The idea that elitists is a large enough group to produce 80 million votes is beyond absurd. 

Will someone please buy Peggy Noonan a drink. 

 
 
 
Vic Eldred
Professor Principal
1.1  Vic Eldred  replied to  JohnRussell @1    2 months ago

I'm with you John, the day when one side plays nice while the other plays for keeps is over.

 
 
 
CB
Professor Principal
2  CB    2 months ago
Both sides have an equal but different sense of superiority. Both sides enjoy looking down on the other. The left leans toward condemnation. It is going from “Trump is a criminal” to “Trump supporters are criminal.” They understand things the other dopes don’t. Class is involved. I have quoted the friend who said recently, with no bitterness, that Democrats see Trump voters as toothless, smelly Walmart shoppers. The left does look down, sometimes from a privileged economic position, which makes it the more shameful.

I don't enjoy any of this. I am at a loss. Even being. . .here. . .has changed my easy-spirit attitude. I am less patient with others who ply conversation that is delusional, willful, and long-winded. That said, I come back for more. . . in the small hope that it helps the truth spread itself 'evenly' across readers. 

This is mentally hurting me. It really is. Seeing my country fighting against itself just because some republicans can't be happy that their fellow citizens who had and have little struggle in the land of plenty of everything. . . is angering and foremost DEPRESSING.

Thus, all of this political fighting is terrible for adults and especially for children; they have to wonder what the 'hell' is up with the adults!

And I am a liberal. . .I shop at Walmart on many occasions. . . and I have a Walmart/Capital One credit card too. And I ain't "smelly."  I wear Versace—honey!

 
 
 
Drinker of the Wry
Senior Expert
2.1  Drinker of the Wry  replied to  CB @2    2 months ago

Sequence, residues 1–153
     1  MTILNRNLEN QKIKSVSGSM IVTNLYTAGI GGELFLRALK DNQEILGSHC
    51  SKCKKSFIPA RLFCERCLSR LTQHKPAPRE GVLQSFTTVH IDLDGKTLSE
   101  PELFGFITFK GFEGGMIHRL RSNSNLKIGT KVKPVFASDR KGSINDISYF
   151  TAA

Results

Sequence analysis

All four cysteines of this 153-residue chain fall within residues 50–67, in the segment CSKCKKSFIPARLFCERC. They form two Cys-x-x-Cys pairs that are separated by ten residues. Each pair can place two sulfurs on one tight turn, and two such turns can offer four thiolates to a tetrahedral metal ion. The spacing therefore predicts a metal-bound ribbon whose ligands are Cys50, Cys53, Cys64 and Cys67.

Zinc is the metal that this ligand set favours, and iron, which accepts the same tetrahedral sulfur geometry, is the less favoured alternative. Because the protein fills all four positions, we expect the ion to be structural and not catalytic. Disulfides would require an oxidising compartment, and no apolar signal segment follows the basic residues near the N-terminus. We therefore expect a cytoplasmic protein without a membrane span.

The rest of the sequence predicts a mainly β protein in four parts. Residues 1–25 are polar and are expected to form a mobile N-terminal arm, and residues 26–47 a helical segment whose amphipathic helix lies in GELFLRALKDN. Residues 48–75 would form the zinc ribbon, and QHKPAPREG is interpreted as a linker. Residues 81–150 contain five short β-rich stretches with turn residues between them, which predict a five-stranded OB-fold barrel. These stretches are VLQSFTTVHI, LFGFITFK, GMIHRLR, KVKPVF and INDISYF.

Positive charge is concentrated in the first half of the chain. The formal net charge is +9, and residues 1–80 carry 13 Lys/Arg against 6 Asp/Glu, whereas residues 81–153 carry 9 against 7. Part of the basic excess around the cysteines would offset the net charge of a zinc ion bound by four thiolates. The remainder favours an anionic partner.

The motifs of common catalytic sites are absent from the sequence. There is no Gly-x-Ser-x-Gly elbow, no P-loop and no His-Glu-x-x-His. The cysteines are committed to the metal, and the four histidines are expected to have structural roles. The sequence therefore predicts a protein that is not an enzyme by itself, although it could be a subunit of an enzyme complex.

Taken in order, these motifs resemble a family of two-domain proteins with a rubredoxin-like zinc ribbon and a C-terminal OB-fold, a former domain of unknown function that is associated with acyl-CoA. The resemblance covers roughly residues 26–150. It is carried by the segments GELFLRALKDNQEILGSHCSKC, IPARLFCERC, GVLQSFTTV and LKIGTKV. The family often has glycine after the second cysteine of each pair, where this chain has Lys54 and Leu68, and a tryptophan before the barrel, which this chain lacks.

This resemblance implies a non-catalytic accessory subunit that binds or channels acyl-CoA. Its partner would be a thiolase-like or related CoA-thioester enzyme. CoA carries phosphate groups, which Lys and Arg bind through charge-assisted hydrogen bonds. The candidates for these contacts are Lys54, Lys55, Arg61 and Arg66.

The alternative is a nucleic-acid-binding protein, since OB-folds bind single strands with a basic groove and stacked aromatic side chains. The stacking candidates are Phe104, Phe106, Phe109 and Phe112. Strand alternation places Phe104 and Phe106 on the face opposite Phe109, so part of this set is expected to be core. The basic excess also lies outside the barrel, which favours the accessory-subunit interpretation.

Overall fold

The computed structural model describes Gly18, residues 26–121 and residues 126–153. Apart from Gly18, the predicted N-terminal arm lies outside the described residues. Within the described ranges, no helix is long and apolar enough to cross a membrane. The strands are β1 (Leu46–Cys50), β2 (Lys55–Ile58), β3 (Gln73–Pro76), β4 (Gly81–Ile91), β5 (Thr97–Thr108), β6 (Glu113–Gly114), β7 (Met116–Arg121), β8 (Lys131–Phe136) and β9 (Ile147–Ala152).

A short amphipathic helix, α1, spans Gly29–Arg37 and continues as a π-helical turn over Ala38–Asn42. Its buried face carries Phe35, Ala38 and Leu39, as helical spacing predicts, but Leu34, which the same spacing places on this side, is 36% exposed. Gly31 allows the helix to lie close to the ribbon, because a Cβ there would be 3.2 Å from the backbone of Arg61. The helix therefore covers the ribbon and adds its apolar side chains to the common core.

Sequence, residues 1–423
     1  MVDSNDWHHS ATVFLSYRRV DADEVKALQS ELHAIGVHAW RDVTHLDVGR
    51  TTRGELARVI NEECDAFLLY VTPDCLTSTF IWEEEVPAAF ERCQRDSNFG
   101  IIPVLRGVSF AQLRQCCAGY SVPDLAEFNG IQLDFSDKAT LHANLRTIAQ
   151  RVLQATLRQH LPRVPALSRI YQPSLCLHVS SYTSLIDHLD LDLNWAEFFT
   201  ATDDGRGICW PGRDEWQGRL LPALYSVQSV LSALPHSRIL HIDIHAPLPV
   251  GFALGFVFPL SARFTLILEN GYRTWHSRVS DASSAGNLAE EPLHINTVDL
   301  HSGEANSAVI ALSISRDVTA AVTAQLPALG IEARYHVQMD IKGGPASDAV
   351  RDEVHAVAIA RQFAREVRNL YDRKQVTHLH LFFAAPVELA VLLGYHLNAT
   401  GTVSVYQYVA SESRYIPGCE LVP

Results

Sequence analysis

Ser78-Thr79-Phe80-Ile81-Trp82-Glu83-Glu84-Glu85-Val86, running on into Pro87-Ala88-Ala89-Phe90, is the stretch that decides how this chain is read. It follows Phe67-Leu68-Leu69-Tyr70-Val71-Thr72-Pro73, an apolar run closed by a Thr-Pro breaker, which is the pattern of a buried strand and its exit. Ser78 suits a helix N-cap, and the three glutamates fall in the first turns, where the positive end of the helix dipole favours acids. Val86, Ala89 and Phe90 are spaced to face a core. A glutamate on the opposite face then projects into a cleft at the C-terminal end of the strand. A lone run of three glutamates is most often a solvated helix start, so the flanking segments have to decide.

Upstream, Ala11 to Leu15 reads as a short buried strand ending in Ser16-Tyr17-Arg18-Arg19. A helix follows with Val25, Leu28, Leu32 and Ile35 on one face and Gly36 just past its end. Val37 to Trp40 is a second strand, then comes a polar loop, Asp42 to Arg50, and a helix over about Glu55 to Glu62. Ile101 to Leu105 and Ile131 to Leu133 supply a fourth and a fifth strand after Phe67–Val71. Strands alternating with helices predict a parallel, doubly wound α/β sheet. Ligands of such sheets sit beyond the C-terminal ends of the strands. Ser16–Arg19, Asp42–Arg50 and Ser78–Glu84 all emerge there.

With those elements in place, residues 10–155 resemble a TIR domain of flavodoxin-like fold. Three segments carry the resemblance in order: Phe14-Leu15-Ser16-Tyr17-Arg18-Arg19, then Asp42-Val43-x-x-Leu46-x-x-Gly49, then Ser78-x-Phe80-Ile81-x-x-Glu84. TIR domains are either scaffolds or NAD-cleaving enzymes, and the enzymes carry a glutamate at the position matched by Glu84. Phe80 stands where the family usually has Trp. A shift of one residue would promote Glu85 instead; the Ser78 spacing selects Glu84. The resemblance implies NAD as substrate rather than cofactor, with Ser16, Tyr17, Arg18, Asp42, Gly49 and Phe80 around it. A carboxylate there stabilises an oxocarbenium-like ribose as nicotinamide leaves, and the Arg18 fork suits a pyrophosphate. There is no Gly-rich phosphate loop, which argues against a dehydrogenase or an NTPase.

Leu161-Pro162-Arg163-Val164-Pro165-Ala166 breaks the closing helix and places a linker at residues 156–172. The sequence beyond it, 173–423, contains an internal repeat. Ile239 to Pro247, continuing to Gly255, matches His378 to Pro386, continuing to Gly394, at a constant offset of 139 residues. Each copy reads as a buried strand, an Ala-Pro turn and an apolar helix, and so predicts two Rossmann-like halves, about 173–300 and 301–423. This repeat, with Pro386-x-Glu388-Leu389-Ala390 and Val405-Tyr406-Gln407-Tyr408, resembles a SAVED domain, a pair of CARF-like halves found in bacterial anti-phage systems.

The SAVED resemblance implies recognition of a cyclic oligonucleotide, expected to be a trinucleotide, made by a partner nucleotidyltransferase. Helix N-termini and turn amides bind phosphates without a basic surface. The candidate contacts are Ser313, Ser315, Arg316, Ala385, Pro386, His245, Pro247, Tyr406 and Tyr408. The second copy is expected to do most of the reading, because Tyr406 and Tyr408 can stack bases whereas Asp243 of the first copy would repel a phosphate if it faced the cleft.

Thank you for your sacrifices.

 
 
 
Buzz of the Orient
Professor Expert
3  Buzz of the Orient    2 months ago

Didn't EVERYONE see this coming?  It wasn't necessary for me to be an American to have seen some things happening as never before (that is, as least since the civil rights movement), a restaurant turning away a potential customer because they were of a different political party, or family reunions on holidays like Thanksgiving having to have a rule that no politics are to be spoken in order to prevent a family fight.  Or a person turning their car around in someone's driveway getting shot.  Hey, all you've got to do is read some of the comments here on NT to see how hot the hatred can be.  I really would not normally give a shit if a civil war took place in America but for the fact that my son and his young family live there, and I'm scared for them.  I'm scared because of the guns, the many guns, the many people who have guns, the many people who have guns and are itching to use them, the many people whose hatred of others, not just limited to being a political hatred, but a hatred of those of differing religions as well, the many people with guns who really need help for their mental health issues, the many people with guns and mental health issues whose families that KNOW about what that combination can mean who still keep silent about it.  Yes, I'm scared about the well-being of that part of my family that is in America, and I'm scared about the well-being of my friends on NT.